Long before I took the jump and invested 10K in my Noctilux, I was searching for a perfect fast 50mm that was more affordable than the Noctilux. First, let me explain why I need a fast 50. First, my main lenses, a 35 and 50, are always backed up by a second lens on my weddings. A lens is easily dropped and that’s why I always carry two lenses of these focal lengths. Next, these back-up lenses have another function: they’re faster than the ‘main’ lenses. So, while my 35 cron is my main 35, it is backed up by the faster CV35/1.2. My 50 cron is backed up by another fast 50 and for a short while, this has been the Voigtländer 50/1.5 Nokton.
I’ll be honest with you: my lens had a slight front focus issue and that’s why I didn’t use it much in action. Also, I wanted the black one, but that was not available. I just went with the heavier and more expensive chrome version and gave it a try.
Build quality and ergonomics
The 50/1.5 Nokton feels quite solid and with 293 grams (in chrome) I wouldn’t call it light. It focusses up to 70 centimeters and that makes it quite useful for portraits and shots of details. The focus throw is long enough for me (I don’t like lenses with a short focus throw) but I don’t like the focus ring. I know its design is based on the classic 50/1.5 with its screw mount, but sometimes new technology improves a product. I much prefer the focus ring on the CV35/1.2 with is smooth and easy to use. I don’t like the aperture ring neither. Though it clicks firmly, the numbers on the scale are small and in black. Unlike many Leica users, I have young and good eyes, but I just can’t read them when light is dim. You can always count clicks, but I prefer to keep things as simple as possible. Next, the hood that comes with this lens is free, but could have been a little bigger AND would have been much nicer in chrome as well.
Sharpness, bokeh and rendering
Sharpness of this lens is good wide open, at least in the middle of the frame. Sharpness increases with stopping down, especially in the corners. Even the shot above shows plenty of sharpness when shot straight against the sun. As you can see, there is some flaring, but it is very acceptable. The purple fringing is not so acceptable though. Fast lenses often suffer from this problem and the 50 Nokton is no exception. Fortunately, it is very easy to get rid off in Lightroom or Photoshop. Not a deal breaker for me. Bokeh is nice: soft and classical, sometimes a bit unpredictable. Not a bokeh king, but good enough. Rendering is good: classical, but sharper than the really old fast vintage lenses.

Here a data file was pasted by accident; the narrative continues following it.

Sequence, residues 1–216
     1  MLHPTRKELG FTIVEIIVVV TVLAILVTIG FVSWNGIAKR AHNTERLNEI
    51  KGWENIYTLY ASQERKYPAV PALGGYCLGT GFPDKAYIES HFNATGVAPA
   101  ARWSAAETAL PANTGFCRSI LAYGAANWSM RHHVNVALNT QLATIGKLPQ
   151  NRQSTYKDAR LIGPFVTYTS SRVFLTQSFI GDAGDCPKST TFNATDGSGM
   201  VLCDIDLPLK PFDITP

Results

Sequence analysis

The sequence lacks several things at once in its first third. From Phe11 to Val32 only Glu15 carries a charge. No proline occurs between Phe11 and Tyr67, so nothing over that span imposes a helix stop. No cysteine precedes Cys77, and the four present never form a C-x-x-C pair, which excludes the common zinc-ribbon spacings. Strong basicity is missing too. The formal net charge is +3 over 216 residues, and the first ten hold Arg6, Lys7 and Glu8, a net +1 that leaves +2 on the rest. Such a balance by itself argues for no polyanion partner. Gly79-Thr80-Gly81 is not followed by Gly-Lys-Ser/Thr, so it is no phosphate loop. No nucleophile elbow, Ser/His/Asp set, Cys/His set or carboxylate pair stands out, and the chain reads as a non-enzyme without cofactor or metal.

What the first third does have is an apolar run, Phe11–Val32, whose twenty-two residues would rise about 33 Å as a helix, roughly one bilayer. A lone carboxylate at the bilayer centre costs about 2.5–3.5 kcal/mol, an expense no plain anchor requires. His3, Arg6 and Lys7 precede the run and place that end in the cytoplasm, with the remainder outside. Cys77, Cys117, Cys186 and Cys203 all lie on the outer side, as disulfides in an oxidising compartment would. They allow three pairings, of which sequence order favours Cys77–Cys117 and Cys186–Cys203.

Most people that consider getting a 50 Nokton want a cheaper alternative for the 50 Summilux. I haven’t had that lens yet, but I know that many people – including the better reviewers – claim that the 50 nokton delivers 90% of the Summilux quality for 25% of the price. With a black one, it is even less than 25%. I had some bad luck with the front focussing and didn’t have much shooting time with it. However, I could have traded the lens for one that would focus better, but I didn’t. Why? Well, I’m not really a big fan of the ergonomics, but most of all: it’s not fast enough to be an interesting back-up for my 50 cron. I wanted something at least 1.2 and 1.5 of course isn’t. If 1.5 is fast enough for you, you like the ergonomics and you can find yourself a 50 Nokton that is adjusted properly, I would definitely recommend this lens. Shortly after buying the 50/1.5, I found an interesting 58/1.2 which I absolutely love, but only works with the quirky live view of the M240. I never liked the Voigtlander 50/1.1 much either – tried it for a couple of weeks – so in the end, I ended up with my Noctilux after all.